Transmissions Expanded continues the Indigenous languages conversation
By Tessa Perkins Deneault
How is culture connected to language? How is language connected to our imagination, worldview and the land? In September 2019, coinciding with the United Nations International Year of Indigenous Languages, the premiere of Lisa Jackson’s Transmissions at SFU’s Goldcorp Centre for the Arts explored these questions with an immersive, Indigenous futurist multimedia installation that allowed participants to experience Indigenous languages and culture via projection, sculpture, sound, shadow and film.
Following the Transmissions exhibition, SFU hosted a symposium on Indigenous languages and media in Canada: "The Roots of Meaning: A Symposium on Lisa Jackson’s Transmissions,” which was organized by School of Communication assistant professor Karrmen Crey and School of Interactive Arts and Technology associate professor Kate Hennessy, brought together local and international experts on Indigenous languages, linguistics, environmental management, media and visual arts, Indigenous futurisms, and the anthropocene.
To continue the dialogue and share symposium recordings and resources with the public, Hennessy and Crey worked with Jackson and producer Lori Lozinski to create Transmissions Expanded, an online portal to educational materials that are a part of the Transmissions installation. The website includes background on the artwork, Indigenous histories, language statistics, and curated video and audio featuring Indigenous languages in Canada. The website allows visitors to dig deeper into both language revitalization efforts and the cross-disciplinary thinking that animates Transmissions. Along with reading lists for classroom use, the wealth of resources on the website illuminates what Indigenous Elders mean when they say “the culture is in the language.”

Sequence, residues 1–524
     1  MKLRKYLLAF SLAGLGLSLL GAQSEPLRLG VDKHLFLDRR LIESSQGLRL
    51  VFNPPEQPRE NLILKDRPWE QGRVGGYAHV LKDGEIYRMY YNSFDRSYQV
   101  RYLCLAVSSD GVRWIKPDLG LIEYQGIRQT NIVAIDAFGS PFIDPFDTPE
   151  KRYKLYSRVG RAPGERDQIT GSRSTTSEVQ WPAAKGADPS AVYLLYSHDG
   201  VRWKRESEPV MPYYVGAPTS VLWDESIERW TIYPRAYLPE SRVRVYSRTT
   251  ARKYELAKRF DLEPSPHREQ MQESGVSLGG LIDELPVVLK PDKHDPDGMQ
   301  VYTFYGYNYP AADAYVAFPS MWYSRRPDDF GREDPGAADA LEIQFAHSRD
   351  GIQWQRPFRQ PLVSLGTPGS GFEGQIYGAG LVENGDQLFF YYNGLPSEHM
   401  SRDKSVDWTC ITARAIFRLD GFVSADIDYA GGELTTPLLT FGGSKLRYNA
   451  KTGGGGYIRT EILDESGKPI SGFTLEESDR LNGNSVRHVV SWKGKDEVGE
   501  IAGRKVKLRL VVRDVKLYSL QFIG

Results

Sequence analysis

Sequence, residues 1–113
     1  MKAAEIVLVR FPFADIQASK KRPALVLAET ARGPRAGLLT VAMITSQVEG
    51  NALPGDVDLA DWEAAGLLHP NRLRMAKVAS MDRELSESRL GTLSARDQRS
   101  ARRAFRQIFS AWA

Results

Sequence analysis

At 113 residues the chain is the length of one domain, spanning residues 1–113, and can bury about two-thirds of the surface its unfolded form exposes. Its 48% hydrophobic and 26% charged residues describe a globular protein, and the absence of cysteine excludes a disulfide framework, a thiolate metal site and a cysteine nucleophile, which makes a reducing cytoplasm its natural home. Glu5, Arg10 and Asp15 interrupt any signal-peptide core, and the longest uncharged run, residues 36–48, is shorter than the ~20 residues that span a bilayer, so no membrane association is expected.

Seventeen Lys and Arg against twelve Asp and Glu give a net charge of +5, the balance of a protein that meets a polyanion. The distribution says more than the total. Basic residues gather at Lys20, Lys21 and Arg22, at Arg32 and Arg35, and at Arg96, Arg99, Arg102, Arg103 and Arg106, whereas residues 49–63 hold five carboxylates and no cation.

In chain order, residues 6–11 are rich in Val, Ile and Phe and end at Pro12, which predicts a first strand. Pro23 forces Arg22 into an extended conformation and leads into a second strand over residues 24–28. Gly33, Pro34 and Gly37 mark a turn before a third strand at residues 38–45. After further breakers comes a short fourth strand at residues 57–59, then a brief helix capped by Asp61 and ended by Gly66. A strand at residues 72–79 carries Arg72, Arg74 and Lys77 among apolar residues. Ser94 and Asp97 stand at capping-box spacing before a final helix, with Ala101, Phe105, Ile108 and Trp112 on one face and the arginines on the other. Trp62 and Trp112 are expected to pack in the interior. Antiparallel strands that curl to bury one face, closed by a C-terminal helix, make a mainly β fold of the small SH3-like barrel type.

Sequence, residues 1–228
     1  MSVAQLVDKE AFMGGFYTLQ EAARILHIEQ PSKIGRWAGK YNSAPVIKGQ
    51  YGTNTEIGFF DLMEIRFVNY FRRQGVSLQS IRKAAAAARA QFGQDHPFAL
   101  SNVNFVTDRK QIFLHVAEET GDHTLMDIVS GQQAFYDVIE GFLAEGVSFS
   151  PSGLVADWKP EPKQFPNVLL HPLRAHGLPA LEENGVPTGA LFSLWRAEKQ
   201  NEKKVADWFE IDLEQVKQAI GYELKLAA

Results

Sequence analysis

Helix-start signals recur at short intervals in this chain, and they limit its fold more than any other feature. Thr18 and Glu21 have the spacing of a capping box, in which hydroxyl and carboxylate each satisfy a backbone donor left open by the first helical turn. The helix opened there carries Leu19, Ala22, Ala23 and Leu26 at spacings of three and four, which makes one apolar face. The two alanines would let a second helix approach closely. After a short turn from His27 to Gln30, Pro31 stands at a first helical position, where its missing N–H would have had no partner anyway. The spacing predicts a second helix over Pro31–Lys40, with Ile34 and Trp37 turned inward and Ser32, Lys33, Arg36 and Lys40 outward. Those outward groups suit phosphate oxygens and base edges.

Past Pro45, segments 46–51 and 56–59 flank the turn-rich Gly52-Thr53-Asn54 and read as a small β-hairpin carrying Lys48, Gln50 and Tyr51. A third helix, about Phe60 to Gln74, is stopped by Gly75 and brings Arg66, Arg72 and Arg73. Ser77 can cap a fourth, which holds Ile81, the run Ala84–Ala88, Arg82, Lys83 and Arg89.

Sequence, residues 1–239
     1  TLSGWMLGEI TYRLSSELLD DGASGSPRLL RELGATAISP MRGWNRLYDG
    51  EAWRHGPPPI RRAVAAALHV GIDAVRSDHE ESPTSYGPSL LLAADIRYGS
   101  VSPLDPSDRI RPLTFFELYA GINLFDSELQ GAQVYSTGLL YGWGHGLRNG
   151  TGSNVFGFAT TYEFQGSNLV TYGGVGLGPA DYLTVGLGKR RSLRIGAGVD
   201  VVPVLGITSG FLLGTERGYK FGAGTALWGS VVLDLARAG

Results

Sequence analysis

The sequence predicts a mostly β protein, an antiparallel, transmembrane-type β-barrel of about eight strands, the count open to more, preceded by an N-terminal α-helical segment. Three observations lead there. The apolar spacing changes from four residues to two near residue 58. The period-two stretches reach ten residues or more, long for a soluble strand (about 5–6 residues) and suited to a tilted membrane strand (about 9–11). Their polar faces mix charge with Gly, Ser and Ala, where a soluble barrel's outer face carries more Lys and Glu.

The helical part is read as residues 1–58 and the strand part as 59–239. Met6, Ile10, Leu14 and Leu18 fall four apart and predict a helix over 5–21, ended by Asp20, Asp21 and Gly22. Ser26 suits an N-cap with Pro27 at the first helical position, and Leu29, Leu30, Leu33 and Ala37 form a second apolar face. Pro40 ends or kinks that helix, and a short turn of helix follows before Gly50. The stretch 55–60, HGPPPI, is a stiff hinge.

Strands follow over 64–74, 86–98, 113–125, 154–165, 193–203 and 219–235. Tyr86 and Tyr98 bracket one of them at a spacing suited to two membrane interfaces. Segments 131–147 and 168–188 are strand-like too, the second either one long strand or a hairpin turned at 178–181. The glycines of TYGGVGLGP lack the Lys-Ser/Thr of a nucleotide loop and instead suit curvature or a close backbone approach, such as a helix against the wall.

“Lisa Jackson’s Transmissions was a visionary, immersive expression of the complex relationship between language and culture,” says Hennessy.
Transmissions Expanded goes beyond the installation to provide context and further background on the link between language and place demonstrated in Transmissions. Crey and Hennessy hope that Transmissions Expanded will support understandings that Indigenous languages are expressive of Indigenous worldviews that emerge from relationships to place and territory. Content from the exhibition’s educational “hangout zone” has been incorporated into the website, where visitors can listen to audio clips of Indigenous languages that participants would hear in the installation’s immersive dome. Against a context of colonial violence, the history of Indian Residential Schools, and the Truth and Reconciliation Commission, Transmissions Expanded highlights the creative ways in which Indigenous languages are being activated through community language programs, radio stations, video, and feature films.
Says Crey, “These language revitalization efforts are a part of a broader decolonial movement, and are a testament to the resurgence of Indigenous cultures and communities.”
Aside from providing visitors to Transmissions with further educational materials to deepen their experience and understanding, Transmissions Expanded serves as a unique resource that can be used by anyone who may wish to learn more about Indigenous languages and worldviews.